Road Trip for a Door in La Moille
This morning we rented a U-Haul van, and made our way down to La Moille.
The door nestled near the entrance to Jayson’s (the seller) garage.
He also invited us to look around inside the garage, and it was chock full of amazing things.
Lots of old bottles.
More doors, and hey – I recognize that chop saw!
We learned that one of the recent picks was a funeral home. He originally went there to pick up a table, and came away with more items than expected.
You may not spot them at first.
Something about the power tool atop the coffin caught my eye.
We were told that Jayson was “pretty sure” these coffins weren’t used.
Jayson helped us move the door to the van, and also tied things down with some knots. He said he’s had a lot of practice transporting large items.
We ended up hanging out and chatting with Jayson and Jamie for a good while. It was really lovely to talk with them, walk around their space, and to look over all their items.
It’s been a very long time since Liz and I have really had this kind of interaction with… well, with anyone. We’ve really removed ourselves from the world a good deal, for over a year now. And we both realized how refreshing it was to simply talk and have a conversation with friendly people again.
On our way out of town, we ran into a small traffic jam.
On the way in, we passed this fairly large… mound? It doesn’t quite look as big here, but looked out of place. Everything else around here is completely flat… except this thing.
We’re a little closer here. This is by the intersection of County Road 13 and IL-89. I’m just really curious about the geological history of whatever this thing is. But maybe I’m making more out of it than it is. Maybe this is just a landfill?
On our way home, we got the suggestion to stop in Ottawa to check out 229 Estates, in the possibility they might have some newel posts for sale. We didn’t really find any there, but ended up exploring around a lot.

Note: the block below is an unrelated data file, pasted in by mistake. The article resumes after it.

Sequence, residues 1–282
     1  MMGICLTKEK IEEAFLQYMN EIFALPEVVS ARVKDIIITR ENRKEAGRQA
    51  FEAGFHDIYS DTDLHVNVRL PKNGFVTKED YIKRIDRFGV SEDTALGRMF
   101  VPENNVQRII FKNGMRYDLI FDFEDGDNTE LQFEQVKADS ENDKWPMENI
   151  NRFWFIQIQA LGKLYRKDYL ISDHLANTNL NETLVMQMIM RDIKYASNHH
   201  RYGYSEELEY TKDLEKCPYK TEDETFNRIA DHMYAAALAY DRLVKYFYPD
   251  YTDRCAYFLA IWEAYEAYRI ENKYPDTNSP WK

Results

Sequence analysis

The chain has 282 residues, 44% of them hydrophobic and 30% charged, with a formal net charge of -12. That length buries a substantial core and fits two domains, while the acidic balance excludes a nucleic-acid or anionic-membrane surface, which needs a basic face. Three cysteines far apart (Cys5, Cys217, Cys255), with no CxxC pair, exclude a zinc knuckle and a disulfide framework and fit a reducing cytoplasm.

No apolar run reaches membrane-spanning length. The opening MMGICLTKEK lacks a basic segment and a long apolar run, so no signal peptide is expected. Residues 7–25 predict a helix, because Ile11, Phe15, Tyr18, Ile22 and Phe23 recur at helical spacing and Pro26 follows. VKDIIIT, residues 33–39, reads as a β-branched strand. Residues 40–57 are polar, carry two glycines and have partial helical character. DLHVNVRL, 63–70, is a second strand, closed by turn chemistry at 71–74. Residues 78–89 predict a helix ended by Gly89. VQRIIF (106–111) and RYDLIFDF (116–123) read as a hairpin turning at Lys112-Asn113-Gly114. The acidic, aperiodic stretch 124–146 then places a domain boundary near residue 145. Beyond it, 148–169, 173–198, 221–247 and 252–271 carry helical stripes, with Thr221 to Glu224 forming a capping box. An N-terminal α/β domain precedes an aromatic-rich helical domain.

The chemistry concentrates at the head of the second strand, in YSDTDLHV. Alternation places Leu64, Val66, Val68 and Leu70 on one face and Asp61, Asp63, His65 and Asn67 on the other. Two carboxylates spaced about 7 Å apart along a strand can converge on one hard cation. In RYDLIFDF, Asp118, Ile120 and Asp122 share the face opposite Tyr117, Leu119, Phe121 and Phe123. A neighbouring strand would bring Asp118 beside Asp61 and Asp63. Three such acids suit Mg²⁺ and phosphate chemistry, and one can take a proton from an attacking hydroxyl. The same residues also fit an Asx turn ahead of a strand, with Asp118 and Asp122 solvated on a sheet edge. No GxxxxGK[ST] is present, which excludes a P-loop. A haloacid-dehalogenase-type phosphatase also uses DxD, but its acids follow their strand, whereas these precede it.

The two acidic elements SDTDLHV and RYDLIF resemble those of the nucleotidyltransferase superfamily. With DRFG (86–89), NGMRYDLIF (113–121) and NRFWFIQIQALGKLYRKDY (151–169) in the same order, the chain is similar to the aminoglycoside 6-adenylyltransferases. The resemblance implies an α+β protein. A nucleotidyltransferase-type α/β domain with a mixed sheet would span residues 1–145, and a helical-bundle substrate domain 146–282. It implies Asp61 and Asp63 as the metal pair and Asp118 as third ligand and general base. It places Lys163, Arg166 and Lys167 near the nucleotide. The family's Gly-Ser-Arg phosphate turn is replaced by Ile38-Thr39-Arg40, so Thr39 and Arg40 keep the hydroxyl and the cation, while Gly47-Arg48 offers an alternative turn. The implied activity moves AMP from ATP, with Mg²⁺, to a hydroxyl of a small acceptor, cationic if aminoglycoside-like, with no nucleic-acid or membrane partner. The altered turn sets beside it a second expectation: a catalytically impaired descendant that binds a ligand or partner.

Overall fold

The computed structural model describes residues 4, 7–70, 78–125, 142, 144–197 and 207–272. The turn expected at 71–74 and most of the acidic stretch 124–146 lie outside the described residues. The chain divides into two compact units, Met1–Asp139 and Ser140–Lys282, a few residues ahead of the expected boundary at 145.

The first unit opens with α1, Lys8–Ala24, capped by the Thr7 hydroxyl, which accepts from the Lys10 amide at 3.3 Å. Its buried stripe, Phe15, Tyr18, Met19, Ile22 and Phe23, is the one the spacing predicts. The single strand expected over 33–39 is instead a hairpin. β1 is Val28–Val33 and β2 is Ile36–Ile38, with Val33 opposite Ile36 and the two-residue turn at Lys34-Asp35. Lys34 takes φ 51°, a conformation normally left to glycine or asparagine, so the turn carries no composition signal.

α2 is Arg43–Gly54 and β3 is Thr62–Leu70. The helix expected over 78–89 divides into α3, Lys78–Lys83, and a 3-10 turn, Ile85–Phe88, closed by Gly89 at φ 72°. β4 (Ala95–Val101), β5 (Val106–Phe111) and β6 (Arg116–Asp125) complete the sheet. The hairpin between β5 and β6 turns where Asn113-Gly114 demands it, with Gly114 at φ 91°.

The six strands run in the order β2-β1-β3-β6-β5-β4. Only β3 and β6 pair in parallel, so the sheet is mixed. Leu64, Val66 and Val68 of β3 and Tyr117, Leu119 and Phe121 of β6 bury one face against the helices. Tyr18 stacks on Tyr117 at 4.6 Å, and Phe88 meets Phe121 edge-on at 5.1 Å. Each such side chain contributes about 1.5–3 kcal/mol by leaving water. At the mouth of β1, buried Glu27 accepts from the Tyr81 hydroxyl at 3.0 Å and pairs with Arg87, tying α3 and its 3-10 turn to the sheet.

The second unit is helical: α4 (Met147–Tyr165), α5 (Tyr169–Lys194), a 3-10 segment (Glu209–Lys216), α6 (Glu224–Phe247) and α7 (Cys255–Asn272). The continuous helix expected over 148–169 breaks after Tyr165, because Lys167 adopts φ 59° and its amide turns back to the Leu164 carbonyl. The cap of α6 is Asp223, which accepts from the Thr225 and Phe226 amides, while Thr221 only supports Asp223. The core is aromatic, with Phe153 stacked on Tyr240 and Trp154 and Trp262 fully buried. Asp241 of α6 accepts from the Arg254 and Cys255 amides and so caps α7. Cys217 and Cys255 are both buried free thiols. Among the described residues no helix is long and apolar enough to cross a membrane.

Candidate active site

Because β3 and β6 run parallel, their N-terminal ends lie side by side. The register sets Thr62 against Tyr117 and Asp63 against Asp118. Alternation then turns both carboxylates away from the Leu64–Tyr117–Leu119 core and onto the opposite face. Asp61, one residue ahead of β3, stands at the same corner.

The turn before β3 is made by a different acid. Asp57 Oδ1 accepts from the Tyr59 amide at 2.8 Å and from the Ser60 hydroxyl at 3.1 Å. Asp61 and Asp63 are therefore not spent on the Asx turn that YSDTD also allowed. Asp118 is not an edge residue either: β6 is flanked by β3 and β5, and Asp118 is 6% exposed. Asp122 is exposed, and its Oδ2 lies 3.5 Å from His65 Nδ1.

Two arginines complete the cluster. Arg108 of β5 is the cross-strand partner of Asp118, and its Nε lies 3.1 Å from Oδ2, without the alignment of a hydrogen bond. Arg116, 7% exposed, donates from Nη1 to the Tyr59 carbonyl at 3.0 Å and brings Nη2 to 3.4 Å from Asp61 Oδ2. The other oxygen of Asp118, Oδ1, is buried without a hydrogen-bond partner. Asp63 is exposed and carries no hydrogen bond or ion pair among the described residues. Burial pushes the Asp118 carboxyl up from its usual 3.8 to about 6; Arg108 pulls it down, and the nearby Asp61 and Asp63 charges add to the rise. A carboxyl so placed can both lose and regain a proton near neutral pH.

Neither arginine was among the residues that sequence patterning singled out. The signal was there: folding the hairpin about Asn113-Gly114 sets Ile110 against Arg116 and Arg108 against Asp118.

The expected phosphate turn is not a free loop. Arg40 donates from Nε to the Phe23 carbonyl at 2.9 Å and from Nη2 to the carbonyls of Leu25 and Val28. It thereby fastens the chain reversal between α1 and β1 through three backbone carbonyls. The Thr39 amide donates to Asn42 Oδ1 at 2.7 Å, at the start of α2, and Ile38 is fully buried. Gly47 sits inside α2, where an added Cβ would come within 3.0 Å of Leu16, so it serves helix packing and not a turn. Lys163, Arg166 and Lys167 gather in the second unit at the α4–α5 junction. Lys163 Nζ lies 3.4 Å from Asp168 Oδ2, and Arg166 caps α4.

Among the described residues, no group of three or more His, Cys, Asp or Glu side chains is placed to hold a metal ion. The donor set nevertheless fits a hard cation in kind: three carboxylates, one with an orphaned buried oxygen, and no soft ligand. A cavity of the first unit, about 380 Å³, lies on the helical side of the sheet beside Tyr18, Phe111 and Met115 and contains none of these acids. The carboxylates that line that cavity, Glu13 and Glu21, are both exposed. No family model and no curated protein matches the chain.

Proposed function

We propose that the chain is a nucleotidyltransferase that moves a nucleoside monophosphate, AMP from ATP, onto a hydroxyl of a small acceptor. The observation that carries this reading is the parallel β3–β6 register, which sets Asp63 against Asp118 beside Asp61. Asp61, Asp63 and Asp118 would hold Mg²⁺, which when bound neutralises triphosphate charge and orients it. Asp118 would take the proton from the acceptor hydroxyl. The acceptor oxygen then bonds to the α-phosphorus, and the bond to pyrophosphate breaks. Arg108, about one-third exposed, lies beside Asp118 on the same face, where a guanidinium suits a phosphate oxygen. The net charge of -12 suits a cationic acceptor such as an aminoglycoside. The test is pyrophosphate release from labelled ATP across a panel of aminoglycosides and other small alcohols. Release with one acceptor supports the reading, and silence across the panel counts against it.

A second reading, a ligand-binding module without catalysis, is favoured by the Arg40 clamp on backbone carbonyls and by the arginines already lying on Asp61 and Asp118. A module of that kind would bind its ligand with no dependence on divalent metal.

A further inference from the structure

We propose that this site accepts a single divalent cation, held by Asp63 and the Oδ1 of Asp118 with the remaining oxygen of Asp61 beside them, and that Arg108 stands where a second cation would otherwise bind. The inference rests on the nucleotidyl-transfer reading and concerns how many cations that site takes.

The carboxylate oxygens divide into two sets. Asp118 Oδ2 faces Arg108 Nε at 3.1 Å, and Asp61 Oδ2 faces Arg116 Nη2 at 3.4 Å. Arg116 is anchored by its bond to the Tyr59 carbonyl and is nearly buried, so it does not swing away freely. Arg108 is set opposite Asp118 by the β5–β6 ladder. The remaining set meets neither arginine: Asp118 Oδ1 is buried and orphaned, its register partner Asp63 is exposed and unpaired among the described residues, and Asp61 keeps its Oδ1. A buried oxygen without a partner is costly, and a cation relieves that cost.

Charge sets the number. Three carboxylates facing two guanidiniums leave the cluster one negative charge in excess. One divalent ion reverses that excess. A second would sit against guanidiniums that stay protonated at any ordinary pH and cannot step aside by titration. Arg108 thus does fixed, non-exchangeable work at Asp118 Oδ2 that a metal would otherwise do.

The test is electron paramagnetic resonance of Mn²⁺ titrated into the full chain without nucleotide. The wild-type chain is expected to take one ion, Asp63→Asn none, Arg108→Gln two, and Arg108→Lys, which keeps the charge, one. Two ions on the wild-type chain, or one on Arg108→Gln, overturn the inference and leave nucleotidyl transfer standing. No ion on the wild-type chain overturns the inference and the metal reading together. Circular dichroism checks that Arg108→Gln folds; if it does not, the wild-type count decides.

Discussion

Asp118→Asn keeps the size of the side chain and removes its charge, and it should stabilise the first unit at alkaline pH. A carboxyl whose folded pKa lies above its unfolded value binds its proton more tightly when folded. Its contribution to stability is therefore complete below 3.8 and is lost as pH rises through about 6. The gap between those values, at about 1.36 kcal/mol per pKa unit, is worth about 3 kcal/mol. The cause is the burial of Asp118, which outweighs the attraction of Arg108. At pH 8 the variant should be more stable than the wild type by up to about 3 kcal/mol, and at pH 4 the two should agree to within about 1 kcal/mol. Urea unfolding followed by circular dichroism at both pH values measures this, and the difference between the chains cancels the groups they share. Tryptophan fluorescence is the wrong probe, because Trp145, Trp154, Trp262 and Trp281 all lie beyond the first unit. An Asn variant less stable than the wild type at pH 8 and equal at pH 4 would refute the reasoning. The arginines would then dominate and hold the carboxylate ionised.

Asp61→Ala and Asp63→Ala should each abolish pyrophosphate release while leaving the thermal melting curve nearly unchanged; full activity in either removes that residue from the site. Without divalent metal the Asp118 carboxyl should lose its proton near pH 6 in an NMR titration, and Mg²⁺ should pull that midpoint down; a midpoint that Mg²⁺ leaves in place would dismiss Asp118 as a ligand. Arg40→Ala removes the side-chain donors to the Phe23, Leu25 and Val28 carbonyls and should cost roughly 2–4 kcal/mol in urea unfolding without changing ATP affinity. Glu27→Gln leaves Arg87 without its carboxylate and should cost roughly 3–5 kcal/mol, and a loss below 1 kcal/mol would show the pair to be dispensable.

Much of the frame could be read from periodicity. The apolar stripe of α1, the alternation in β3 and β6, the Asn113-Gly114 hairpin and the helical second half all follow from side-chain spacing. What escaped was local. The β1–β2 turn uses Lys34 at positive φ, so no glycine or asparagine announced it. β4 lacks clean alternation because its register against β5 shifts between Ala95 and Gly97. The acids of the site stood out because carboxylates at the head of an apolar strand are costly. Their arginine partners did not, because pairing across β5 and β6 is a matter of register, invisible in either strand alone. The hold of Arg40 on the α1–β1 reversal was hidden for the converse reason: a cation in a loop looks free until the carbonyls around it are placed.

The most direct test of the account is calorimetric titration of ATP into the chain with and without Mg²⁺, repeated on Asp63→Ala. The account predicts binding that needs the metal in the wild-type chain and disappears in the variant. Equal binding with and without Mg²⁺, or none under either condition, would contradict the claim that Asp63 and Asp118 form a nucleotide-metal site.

Old media fascinates me. As time and technology march on, it seems like old media begins to fade away. And like some kind of nostalgic “survival of the fittest” process, only the really popular movies end up standing the test of time.
A mix of old and new.
As we walked further into the storefront, we kept encountering more and more rooms.
I was scanning some fo the books available, and one just caught my eye.
“Why You Lose At Bridge”
It’s weird to think of a book or a book title being hostile. But on seeing and reading this, I felt like someone had been poking me in the chest with their index finger.
I love the fact that this was a gift. And was given “with love.”
While it does ease up in Part Two, the chapters of this book also sound really hostile.
It was cool to see this one. But then I noticed some writing and…
… immediately got skeeved out a bit. I did not touch this book.
Old Piano rolls. I really wish I had a player piano, and a whole afternoon to just run through these rolls.
More old media.
On seeing all these old tape reels, it made me want to buy everything and start running wiretaps.
A wave of nostalgia hit me, on seeing these “Jump Ups.” I never knew they had a name, they just existed as this kind of amorphous item in my hazy memory (until now).
Clown finds are the best finds.
We ended up walking to a nearby store (called Gramma’s Attic) and also browsed around there for a bit.
This doormat seemed incredibly timely, although the more I stared at it… the less certain I was who the target audience was supposed to be.
Was this meant to be a door mat outside a residence, designed for visitors to see? As if to say – if you forgot a mask, you can’t come inside?
Or was this supposed to be a door mat for inside the house, by the front door. Something for the home owner to see, before they left. As a reminder? As in “Oops, did you forget your mask?” Or “oops” as in “Opps, I guess I forgot my mask… too bad. I’m leaving anyways.”
The longer I stare, the less I know who this is intended for.
An interesting set of videos, but I was unclear what art we were wanting to master here.
Until I looked closer.
In the basement: there were tons of additional items down here. But some of the areas were really packed full, and some areas in particular had items stacked really high… and seemed incredibly precarious.
I was actually nervous walking through here, because one light bump and I could see a lot of glass and plates crashing to the ground. I was actually relieved when I got to the other side of the building and could walk back upstairs again.
An incredibly large copy of Webster’s Unabridged.
You may not see it at first, but then it jumps out at you.
And then you can’t un-see it.
Screen Door, Tile Floor